Delware does not cap the number of plants a compassion center may grow, but does limit the amount of usable marijuana to no more than 2,000 ounces. See regulations, 4470 State of Delaware Medical Marijuana Code 220.127.116.11 and 18.104.22.168.
CHAPTER 49A. THE DELAWARE MEDICAL MARIJUANA ACT
§ 4901A Findings.
(d) Data from the Federal Bureau of Investigation's Uniform Crime Reports and the Compendium of Federal Justice Statistics show that approximately 99 out of every 100 marijuana arrests in the U.S. are made under state law, rather than under federal law. Consequently, changing state law will have the practical effect of protecting from arrest the vast majority of seriously ill patients who have a medical need to use marijuana.
(f) States are not required to enforce federal law or prosecute people for engaging in activities prohibited by federal law. Therefore, compliance with this chapter does not put the State of Delaware in violation of federal law.
Comment: Not only is the 150-plant and 1,500-ounce cap unnecessary, it is also virtually guaranteed to result in shortages, driving patients to the illicit market. Only two other states - New Mexico and Rhode Island - have capped the number of plants a dispensary may cultivate at a finite number. An important distinction is that both of those states also allow patients to grow their own medicine, which is not allowed in Delaware.
Agency Response: The Agency appreciates and acknowledges these comments, however, to address Federal Justice Department concerns, the center will be limited to cultivate up to 150 marijuana plants irrespective of stages of growth, and maintain an inventory of no more than 1,500 ounces of useable marijuana.
Just for reference, here is the federal penalty for 100 or more, but less than 1,000, marijuana plants
$5/25 million — 5 to 40 years in prison — 21 U.S.C. § 841(b)(1)(B)(vii) (2016)
21 U.S.C. § 841(b)(1)(A)(vii)
1000 kilograms (2204.62 pounds / 1.10231 tons) or more of a mixture or substance containing a detectable amount of marihuana, or 1,000 or more marihuana plants regardless of weight
$10/50 million — 10 years to life in prison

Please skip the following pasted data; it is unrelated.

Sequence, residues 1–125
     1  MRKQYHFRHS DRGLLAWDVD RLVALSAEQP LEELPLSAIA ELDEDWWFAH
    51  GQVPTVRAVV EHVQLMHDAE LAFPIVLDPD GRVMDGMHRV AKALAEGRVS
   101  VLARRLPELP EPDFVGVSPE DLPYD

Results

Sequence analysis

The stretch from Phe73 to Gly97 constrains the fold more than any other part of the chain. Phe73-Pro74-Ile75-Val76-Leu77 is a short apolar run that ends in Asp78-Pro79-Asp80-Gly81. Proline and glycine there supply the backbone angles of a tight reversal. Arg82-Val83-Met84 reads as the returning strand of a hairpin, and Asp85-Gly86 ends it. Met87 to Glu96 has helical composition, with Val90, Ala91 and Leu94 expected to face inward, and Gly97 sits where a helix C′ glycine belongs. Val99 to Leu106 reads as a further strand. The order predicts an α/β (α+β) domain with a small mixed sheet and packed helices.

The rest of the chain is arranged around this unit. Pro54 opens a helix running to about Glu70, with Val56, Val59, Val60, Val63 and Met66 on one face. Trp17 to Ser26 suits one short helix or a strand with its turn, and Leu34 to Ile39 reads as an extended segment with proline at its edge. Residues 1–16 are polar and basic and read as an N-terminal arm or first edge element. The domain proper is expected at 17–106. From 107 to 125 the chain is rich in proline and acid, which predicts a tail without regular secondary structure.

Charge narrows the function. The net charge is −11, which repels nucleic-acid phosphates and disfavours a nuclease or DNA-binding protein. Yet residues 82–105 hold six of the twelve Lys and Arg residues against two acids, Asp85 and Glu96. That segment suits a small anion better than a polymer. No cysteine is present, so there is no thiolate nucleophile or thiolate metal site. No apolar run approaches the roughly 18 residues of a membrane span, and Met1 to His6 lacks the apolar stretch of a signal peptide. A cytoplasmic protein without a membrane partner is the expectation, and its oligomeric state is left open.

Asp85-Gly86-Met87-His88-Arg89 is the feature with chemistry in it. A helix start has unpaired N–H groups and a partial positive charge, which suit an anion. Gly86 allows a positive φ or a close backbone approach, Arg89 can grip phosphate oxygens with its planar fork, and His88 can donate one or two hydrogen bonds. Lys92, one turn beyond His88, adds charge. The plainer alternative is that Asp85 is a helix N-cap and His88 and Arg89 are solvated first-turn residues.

21 U.S.C. § 841(b)(1)(B)(vii)
100 kilograms (220.462 pounds / 0.110231 tons) or more of a mixture or substance containing a detectable amount of marihuana, or 100 or more marihuana plants regardless of weight
$5/25 million — 5 to 40 years in prison
21 U.S.C. § 841(b)(1)(C)
50 to 99 kilograms or 50 to 99 plants
$1/5 million — up to 20 years in prison
21 U.S.C. § 841(b)(1)(D)
less than 50 kilograms of marihuana, except in the case of 50 or more marihuana plants regardless of weight, 10 kilograms of hashish, or one kilogram of hashish oil,
$250,000/$1 million — up to 5 years in prison
21 U.S.C. § 844
Any person who violates this subsection may be sentenced to a term of imprisonment of not more than 1 year, and shall be fined a minimum of $1,000, or both,
except that if he commits such offense after a prior conviction under this subchapter or subchapter II of this chapter, or a prior conviction for any drug, narcotic, or chemical offense chargeable under the law of any State, has become final, he shall be sentenced to a term of imprisonment for not less than 15 days but not more than 2 years, and shall be fined a minimum of $2,500,L
except, further, that if he commits such offense after two or more prior convictions under this subchapter or subchapter II of this chapter, or two or more prior convictions for any drug, narcotic, or chemical offense chargeable under the law of any State, or a combination of two or more such offenses have become final, he shall be sentenced to a term of imprisonment for not less than 90 days but not more than 3 years, and shall be fined a minimum of $5,000.
21 U.S.C. § 844a
(a) In general Any individual who knowingly possesses a controlled substance that is listed in section 841(b)(1)(A) of this title in violation of section 844 of this title in an amount that, as specified by regulation of the Attorney General, is a personal use amount shall be liable to the United States for a civil penalty in an amount not to exceed $10,000 for each such violation.
(b) Income and net assets The income and net assets of an individual shall not be relevant to the determination whether to assess a civil penalty under this section or to prosecute the individual criminally. However, in determining the amount of a penalty under this section, the income and net assets of an individual shall be considered.
(c) Prior conviction A civil penalty may not be assessed under this section if the individual previously was convicted of a Federal or State offense relating to a controlled substance.
(d) Limitation on number of assessments A civil penalty may not be assessed on an individual under this section on more than two separate occasions.
(e) Assessment A civil penalty under this section may be assessed by the Attorney General only by an order made on the record after opportunity for a hearing in accordance with section 554 of title 5. The Attorney General shall provide written notice to the individual who is the subject of the proposed order informing the individual of the opportunity to receive such a hearing with respect to the proposed order. The hearing may be held only if the individual makes a request for the hearing before the expiration of the 30-day period beginning on the date such notice is issued.
Del. Code Ann. tit. 3 §§ 2800 to 2802 (2016)